I have been meaning to write about the trip sooner, but as it is with all new places (at least for me), it takes me a while to be able to absorb everything in. Louisiana has been just a roller coaster of excitement for Devin and I, and everything was beyond anything we could have expected from this trip.
Firstly, I would like to start with the results of our little culling exercise….. I won!!!!! I beat Devin!!! Bragging rights for a year is mine! Beginner’s Luck definitely was on my side. But I get ahead of myself; perhaps I should first explain the rules of how we did the cull-off.
The cull-off happened on a Friday-two days after we had arrived. One of the tosai ponds would be seined and about half a dozen at a time would be put in a little bowl for me and Devin to choose from. Since it takes more than one seine to get all the Koi in the pond, each seine would count as a new round. A game of rock-paper-scissors would decide who would go first for each round. Whoever won would have the first pick, and would be allowed to pick only one Koi, after which the next person gets to pick one Koi as well. This would go back and forth between the two of us until we both “passed” for that batch of fish and a new batch would be given to us. Devin and I each got our own bowls to put our selected Koi, and at the end of the exercise we would be judged based on those selections. Bill, Maureen and Scott were both the judges and the final “cullers”. The winner would be chosen based on the number of Koi from our bowl that would make it to the final cut.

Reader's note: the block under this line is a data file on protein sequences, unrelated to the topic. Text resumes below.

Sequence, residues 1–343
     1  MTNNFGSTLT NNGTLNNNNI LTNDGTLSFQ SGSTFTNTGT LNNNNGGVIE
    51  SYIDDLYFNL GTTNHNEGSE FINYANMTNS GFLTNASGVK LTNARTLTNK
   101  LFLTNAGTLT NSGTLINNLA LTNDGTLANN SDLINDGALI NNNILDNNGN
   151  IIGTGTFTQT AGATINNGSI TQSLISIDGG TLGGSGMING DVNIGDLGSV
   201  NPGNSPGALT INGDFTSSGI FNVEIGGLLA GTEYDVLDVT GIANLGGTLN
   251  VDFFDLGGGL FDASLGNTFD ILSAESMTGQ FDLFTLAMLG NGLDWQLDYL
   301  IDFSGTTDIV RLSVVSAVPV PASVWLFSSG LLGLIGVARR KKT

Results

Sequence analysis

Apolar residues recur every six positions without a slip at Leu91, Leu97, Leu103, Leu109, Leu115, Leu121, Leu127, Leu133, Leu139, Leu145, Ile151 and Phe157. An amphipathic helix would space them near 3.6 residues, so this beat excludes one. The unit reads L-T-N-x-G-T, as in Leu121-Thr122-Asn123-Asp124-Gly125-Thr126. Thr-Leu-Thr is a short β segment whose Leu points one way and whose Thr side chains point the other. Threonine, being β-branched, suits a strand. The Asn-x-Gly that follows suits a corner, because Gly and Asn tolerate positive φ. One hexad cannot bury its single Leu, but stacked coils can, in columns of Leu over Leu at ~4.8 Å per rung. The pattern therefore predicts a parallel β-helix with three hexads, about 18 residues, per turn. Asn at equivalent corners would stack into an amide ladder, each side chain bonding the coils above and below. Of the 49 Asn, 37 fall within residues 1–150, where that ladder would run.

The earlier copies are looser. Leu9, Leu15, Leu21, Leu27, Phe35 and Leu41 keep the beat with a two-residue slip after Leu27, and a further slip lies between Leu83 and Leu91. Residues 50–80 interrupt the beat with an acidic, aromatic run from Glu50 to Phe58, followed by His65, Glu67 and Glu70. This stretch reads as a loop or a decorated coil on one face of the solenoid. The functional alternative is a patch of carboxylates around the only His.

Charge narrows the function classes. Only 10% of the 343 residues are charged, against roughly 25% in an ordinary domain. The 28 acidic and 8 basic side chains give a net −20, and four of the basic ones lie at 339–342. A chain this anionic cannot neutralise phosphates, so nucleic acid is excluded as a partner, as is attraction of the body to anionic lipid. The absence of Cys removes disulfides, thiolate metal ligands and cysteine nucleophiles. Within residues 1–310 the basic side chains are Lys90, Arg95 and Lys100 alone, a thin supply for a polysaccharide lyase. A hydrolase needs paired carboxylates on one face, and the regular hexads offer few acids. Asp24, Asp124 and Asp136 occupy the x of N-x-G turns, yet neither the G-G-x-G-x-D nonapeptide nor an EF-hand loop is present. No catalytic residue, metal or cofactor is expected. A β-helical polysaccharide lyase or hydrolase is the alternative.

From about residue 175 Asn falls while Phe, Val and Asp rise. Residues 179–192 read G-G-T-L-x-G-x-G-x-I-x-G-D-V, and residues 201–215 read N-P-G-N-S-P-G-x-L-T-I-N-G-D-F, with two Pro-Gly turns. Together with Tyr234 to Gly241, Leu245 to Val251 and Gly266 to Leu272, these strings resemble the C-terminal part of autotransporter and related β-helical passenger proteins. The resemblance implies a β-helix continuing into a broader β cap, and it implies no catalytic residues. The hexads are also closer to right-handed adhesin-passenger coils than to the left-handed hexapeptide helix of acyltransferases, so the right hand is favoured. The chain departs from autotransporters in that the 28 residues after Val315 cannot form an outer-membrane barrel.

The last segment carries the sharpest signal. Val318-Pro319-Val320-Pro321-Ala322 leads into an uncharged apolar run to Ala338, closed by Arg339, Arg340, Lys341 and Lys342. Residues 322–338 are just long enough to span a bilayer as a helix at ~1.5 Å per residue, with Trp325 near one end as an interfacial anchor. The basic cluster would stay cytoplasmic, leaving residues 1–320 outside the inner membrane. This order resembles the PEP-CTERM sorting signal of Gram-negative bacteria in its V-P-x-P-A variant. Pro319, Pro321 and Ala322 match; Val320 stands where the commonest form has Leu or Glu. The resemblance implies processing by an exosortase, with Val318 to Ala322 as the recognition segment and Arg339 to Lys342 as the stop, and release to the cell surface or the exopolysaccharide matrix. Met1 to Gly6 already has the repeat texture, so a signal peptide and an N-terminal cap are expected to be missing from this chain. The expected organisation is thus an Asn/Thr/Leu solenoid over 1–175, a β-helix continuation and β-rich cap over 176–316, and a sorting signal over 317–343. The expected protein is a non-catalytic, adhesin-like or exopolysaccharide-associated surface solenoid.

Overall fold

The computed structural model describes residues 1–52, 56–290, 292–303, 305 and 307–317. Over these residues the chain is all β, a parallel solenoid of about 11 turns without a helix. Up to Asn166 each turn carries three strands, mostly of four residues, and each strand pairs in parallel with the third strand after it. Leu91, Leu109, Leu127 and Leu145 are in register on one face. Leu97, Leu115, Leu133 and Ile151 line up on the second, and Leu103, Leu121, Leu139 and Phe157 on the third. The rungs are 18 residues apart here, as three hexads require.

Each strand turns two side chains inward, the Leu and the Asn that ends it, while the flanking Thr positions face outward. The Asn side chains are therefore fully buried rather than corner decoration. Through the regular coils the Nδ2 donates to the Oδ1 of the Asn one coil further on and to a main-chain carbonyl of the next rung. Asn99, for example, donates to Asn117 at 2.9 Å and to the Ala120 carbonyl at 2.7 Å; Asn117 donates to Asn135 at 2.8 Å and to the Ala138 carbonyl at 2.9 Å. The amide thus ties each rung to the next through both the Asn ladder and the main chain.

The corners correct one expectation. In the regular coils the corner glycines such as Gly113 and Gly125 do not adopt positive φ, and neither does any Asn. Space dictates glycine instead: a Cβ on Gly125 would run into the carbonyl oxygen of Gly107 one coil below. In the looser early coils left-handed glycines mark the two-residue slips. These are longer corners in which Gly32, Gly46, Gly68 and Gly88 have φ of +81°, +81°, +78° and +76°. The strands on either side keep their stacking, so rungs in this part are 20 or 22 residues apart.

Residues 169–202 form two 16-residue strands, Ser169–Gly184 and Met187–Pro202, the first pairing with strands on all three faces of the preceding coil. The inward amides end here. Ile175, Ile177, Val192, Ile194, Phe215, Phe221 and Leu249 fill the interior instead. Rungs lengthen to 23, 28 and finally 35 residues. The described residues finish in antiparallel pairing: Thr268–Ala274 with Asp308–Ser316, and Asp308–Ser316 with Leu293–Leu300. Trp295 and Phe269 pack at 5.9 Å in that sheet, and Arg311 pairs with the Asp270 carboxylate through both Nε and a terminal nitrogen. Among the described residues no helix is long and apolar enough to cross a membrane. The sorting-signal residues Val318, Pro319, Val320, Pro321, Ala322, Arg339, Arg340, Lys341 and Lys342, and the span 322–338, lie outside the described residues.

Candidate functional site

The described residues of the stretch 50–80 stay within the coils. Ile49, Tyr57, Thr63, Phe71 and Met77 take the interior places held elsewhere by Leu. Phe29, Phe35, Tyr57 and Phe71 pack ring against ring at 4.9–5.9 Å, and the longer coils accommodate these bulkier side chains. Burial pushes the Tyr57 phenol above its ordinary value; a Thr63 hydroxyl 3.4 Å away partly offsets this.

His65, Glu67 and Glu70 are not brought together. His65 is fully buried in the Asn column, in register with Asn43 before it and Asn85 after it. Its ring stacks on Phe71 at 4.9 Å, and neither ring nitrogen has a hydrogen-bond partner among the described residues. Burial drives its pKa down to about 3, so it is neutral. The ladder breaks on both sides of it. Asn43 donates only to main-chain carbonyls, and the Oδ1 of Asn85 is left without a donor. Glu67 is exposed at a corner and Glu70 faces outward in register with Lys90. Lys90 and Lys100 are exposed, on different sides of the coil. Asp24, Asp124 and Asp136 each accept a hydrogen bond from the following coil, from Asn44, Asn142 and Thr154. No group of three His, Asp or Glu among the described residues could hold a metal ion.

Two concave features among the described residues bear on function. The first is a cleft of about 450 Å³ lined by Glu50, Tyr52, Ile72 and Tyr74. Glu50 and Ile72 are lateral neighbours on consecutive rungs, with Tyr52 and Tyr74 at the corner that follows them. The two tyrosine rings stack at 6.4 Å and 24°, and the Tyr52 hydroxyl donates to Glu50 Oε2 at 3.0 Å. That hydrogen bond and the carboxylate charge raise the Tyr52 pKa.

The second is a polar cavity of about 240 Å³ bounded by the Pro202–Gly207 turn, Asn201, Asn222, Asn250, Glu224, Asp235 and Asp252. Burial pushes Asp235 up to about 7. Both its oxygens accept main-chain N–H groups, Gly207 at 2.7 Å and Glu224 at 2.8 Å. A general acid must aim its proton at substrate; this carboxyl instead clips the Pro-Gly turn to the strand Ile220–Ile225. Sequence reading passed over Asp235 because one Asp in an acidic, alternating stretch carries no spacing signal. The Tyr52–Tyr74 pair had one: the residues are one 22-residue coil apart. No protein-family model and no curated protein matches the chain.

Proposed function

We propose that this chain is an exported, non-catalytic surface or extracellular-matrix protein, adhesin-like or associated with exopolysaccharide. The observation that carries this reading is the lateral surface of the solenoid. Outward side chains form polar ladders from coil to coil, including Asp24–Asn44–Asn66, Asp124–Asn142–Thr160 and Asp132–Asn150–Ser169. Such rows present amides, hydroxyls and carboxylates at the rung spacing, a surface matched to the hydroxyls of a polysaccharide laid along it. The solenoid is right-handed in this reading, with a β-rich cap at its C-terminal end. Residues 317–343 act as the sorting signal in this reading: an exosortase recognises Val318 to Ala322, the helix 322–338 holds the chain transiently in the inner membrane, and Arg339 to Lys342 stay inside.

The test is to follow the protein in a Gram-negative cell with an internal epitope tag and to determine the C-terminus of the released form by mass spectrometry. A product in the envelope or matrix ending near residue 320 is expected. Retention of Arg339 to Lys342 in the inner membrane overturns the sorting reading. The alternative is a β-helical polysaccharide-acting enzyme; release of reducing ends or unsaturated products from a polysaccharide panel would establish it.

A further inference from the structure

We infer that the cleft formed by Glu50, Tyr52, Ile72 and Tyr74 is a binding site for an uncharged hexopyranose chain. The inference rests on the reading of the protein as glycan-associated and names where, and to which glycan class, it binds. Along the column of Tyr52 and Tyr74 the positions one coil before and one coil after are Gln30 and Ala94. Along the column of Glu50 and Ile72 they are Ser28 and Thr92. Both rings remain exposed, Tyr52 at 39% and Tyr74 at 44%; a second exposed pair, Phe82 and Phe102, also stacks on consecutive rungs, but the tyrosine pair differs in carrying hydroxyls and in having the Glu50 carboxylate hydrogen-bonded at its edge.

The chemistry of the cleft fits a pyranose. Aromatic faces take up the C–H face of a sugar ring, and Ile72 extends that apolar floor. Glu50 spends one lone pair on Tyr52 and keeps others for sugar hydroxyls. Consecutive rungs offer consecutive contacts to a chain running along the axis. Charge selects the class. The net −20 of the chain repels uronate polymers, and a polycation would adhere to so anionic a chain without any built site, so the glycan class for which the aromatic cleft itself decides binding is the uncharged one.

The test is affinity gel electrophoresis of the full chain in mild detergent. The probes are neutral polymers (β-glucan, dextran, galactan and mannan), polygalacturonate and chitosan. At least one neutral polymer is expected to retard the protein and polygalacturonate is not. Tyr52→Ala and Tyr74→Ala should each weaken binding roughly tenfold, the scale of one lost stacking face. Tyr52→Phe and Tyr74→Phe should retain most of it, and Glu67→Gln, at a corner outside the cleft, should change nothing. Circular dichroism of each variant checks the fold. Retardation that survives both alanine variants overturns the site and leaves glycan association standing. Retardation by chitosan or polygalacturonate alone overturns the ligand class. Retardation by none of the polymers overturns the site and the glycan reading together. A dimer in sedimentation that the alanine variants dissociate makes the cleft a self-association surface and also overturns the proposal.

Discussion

It seemed as if the cosmos were conspiring to help me win because if anything I am the worst rock-paper-scissors player in the world. On the culling day, however, Devin just could not beat me. Not even once. For each round, I always got to go first and with each batch of Koi Devin would be crossing his fingers hoping that I wouldn’t get the Koi that he wanted to get. For certain batches, I would feel bad for him and let him go first, but they were few and far between.
If I were completely honest, it should have been a tie-but as I said, beginner’s luck was totally on my side.
When it came down to the judging, we were told that the smaller tosai would be eliminated from the judging because they had to be grown out still. This made me worried because a good number of the better Koi in my bowl were too small to make the cut. At the end of the judging, they selected 11 Koi from my bowl. When it came to Devin’s turn, guess how many Koi were selected? 11 Koi as well. As a tie-breaker, a bowl of Koi that had been selected from the Koi which we had passed on was brought forward and whoever picked the best Koi wins the cull off.. Guess who got to go first? ME!
In the end, we both agreed: whether it be by an inch or a mile; by a technicality or by default; I won fair and square. ha. ha ha ha. I beat the great, Marudo-trained Devin. woot woot! Everyone at Purdin Koi Farm was so accommodating to our little game, and I am so grateful for their hospitality. I know it took a lot of time and effort for them to allow us to horse around, and I am very appreciative that they played along with our little game.
I will have to share more about the trip in a separate post, as it is nearing our check out time in the hotel and I must get ready. In the next couple of days, I will be editing the video footage that I took this trip, so I’m very excited to share that with everyone. 🙂